What if GPS goes down? Can you make a cell-phone call while traveling? How about make a transaction at a bank?
Your cell phone works because the system gets instructions from space -- in the form of continuous timing signals from the Global Positioning System (GPS) satellites.
Many of the things we do in everyday life depend on various systems being precisely synchronized using GPS timing. It ensures that your cell phone call will be handed off from tower to tower right on time as you drive down the road, provides time-stamps for bank transactions, lets airplanes navigate safely, and much more. But what if GPS goes down?
GPS signals can be disrupted accidentally by radio interference or the weather in space, or intentionally by enemies. Federal agencies have long recognized the need to back up GPS, a collection of several dozen satellites that has provided users with time and position information since the 1970s.
Now researchers from NIST’s Physical Measurement Laboratory, in partnership with the U.S. Naval Observatory (USNO), which operate the U.S. civilian and military time standards, respectively, have identified a possible backup strategy for GPS timing signals.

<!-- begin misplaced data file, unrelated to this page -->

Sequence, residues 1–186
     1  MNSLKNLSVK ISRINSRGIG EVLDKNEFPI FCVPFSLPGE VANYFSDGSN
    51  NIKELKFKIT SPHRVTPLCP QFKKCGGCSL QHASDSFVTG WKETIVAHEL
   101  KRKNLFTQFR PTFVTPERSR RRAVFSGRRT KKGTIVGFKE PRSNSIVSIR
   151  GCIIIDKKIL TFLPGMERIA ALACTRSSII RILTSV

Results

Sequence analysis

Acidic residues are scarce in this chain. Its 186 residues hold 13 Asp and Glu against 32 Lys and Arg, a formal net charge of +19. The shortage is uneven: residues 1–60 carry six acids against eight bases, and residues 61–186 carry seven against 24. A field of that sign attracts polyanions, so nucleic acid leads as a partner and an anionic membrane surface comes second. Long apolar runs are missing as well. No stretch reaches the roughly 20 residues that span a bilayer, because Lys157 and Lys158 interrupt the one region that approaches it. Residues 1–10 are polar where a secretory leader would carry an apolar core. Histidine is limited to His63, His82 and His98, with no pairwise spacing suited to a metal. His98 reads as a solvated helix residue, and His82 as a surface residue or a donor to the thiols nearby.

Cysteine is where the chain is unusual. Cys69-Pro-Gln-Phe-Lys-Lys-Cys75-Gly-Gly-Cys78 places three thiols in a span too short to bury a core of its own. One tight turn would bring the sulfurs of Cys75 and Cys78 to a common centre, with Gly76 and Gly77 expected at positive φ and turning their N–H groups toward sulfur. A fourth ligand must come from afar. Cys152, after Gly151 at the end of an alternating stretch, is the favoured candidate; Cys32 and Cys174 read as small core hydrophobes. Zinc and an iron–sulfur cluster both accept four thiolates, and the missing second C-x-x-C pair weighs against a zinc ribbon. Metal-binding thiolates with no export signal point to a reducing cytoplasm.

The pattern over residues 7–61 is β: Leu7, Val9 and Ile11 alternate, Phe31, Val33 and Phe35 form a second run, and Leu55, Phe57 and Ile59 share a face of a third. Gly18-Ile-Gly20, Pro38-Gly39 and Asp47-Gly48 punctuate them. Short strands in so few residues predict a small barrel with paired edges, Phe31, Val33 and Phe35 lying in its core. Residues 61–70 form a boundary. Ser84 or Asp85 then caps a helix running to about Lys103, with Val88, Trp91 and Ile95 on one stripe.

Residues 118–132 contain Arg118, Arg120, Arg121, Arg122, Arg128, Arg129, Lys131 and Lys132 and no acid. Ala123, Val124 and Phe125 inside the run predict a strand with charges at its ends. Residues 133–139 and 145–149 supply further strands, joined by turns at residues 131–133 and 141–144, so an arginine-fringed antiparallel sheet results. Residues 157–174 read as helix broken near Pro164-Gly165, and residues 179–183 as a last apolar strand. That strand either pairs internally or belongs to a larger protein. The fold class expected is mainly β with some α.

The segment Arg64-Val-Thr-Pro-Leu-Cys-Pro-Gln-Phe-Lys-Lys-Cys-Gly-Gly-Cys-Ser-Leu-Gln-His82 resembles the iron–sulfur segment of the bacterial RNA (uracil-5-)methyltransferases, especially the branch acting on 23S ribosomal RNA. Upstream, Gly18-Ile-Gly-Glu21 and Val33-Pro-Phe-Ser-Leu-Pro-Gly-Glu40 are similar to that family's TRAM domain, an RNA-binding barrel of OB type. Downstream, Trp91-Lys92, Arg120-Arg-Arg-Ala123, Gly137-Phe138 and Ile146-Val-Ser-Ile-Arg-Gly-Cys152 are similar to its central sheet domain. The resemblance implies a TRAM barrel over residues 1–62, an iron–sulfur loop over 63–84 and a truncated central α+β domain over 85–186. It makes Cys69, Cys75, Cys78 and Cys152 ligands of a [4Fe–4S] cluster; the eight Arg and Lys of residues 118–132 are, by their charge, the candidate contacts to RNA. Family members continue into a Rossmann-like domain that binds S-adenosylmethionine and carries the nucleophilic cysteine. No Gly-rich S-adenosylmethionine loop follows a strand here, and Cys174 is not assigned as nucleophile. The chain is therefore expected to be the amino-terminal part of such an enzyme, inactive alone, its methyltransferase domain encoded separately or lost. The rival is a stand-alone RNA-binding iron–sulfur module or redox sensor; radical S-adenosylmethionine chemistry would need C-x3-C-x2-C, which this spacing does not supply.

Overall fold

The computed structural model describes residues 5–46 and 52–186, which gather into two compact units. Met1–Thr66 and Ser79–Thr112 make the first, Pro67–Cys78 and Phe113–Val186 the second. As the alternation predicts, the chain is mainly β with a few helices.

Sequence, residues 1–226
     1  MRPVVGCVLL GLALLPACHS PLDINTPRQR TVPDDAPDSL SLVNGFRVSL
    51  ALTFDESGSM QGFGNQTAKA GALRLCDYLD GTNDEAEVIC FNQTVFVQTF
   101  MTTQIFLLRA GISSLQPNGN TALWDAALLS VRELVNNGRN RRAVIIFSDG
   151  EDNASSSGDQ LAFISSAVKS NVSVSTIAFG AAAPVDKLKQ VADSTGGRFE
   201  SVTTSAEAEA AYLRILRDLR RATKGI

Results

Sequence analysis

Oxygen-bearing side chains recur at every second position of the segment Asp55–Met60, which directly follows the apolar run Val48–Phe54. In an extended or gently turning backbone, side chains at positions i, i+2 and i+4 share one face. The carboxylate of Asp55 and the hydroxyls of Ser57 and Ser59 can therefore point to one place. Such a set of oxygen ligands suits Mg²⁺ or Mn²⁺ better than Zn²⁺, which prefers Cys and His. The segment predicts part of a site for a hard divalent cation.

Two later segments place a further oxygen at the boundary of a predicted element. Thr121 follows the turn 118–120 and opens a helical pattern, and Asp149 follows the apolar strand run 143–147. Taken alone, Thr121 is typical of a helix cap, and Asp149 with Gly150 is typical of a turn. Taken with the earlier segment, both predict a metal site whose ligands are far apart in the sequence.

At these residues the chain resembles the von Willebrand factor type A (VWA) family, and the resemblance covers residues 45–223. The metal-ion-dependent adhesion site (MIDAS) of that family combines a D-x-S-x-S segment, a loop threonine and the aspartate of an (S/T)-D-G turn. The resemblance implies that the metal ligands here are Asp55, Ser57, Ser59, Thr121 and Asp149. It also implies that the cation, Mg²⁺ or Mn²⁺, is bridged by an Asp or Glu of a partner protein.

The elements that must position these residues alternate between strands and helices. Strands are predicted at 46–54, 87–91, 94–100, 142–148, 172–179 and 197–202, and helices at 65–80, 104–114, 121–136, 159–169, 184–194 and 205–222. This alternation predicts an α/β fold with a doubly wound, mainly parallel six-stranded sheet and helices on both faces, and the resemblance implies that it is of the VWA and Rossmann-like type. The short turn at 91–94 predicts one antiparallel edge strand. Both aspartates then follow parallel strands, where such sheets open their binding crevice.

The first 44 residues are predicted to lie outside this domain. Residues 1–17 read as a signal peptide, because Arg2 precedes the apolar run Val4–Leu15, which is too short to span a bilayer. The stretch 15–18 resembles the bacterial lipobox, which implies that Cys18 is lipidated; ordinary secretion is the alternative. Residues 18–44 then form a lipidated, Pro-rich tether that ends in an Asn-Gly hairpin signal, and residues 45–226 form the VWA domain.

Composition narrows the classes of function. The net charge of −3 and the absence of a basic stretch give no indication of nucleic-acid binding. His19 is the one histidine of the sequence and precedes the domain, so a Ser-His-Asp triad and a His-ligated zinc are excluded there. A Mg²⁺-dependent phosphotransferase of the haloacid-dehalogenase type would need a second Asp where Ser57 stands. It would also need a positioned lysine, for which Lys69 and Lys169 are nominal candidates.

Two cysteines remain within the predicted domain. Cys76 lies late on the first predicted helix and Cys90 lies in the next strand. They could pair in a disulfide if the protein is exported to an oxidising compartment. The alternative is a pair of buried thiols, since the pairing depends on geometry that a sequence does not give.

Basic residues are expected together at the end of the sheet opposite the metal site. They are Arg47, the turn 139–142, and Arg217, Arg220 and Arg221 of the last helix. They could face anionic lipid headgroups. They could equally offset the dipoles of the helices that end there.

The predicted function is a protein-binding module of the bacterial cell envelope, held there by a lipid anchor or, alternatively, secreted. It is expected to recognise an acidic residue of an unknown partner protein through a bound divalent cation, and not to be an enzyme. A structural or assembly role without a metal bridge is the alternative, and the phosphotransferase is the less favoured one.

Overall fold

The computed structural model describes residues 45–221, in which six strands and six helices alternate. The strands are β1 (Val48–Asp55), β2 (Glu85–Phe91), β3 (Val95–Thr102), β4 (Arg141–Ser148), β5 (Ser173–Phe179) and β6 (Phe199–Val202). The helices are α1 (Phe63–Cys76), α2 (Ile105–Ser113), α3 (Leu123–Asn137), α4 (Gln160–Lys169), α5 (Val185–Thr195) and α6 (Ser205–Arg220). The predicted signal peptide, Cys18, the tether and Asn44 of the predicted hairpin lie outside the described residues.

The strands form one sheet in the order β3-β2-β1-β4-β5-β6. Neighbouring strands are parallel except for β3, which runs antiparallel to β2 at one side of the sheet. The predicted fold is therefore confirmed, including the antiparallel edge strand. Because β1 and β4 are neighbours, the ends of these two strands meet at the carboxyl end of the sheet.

Working with two independent companies, scientists are experimenting with connecting the two government time scales using commercial fiber-optic telecommunications networks. The federal time scales, 150 kilometers apart, are ensembles of clocks that generate versions of the international standard for time, Coordinated Universal Time (known as UTC), in real time.
In this experiment, time signals were sent at regular intervals in both directions between the two locations. Researchers measured the differences between the remote (transmitted) and local time. Results to date indicate that the system potentially could transfer UTC with a stability of under 100 nanoseconds (billionths of a second)—thus meeting the project’s original goal —as long as the connection remained unbroken.